Cadmium stimulates metastasis-associated phenotype in triple-negative breast cancer cells through integrin and β-catenin signaling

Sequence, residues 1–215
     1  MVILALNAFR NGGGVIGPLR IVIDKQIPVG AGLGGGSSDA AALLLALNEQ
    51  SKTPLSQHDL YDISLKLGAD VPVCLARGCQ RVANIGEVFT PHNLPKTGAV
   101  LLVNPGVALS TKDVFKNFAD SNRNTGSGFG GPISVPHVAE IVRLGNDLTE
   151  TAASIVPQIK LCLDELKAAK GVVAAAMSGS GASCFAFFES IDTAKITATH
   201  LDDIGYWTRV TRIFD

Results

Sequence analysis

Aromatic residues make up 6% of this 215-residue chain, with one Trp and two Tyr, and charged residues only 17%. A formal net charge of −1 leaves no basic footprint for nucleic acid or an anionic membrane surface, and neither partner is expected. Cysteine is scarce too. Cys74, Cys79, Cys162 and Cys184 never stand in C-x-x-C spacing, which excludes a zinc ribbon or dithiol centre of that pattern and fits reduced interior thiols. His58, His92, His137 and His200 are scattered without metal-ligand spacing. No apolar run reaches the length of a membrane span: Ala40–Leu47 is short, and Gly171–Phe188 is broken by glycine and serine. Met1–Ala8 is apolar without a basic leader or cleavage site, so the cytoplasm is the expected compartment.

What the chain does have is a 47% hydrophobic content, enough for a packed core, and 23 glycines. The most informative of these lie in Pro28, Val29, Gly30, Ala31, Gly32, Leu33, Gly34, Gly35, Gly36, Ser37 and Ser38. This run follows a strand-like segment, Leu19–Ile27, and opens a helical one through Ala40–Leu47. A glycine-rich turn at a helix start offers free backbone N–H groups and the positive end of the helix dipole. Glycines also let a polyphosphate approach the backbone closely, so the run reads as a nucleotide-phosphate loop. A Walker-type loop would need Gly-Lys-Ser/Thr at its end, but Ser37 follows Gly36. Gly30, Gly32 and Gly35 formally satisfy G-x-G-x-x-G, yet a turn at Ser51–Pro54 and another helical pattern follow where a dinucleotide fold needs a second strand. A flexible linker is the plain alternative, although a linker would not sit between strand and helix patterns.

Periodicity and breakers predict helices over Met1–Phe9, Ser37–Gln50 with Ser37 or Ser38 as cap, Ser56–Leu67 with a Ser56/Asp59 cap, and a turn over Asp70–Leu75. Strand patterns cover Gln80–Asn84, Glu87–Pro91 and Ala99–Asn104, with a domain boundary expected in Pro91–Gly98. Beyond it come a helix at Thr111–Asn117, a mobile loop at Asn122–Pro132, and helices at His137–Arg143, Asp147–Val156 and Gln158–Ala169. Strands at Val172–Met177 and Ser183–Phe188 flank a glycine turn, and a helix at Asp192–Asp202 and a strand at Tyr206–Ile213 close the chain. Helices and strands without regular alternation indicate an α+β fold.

Cadmium (Cd) is a carcinogenic heavy metal which is implicated in breast cancer development. While the mechanisms of Cd-induced breast cancer initiation and promotion have been studied, the molecular processes involved in breast cancer progression remain to be investigated. The purpose of the present study was to evaluate the influence of Cd on metastasis-associated phenotypes, such as cell adhesion, migration, and invasion in triple-negative breast cancer cells. Treatment of MDA-MB-231 cells with 1 μM Cd increased cell spreading and cell migration. This was associated with the activation of integrin β1, FAK, Src, and Rac1. Treatment with Cd also inhibited GSK3β activity and induced T-cell factor/lymphoid enhancer factor (TCF/LEF) transcription, indicating the involvement of β-catenin signaling. Furthermore, treatment with 3 μM Cd for 4 weeks increased the expression of β-catenin and enhanced TCF/LEF-mediated transcription. Furthermore, enhanced expressions of integrins α5 and β1, paxillin, and vimentin indicated that prolonged Cd treatment reorganized the cytoskeleton, which aided malignancy, as evidenced by enhanced matrix metalloprotease 2/9 (MMP2/9) secretion and cell invasion. Prolonged Cd treatment also caused an increase in cell growth. Together, these results indicate that Cd alters key signaling processes involved in the regulation of cytoskeleton to enhance cancer cell migration, invasion, adhesion, and proliferation.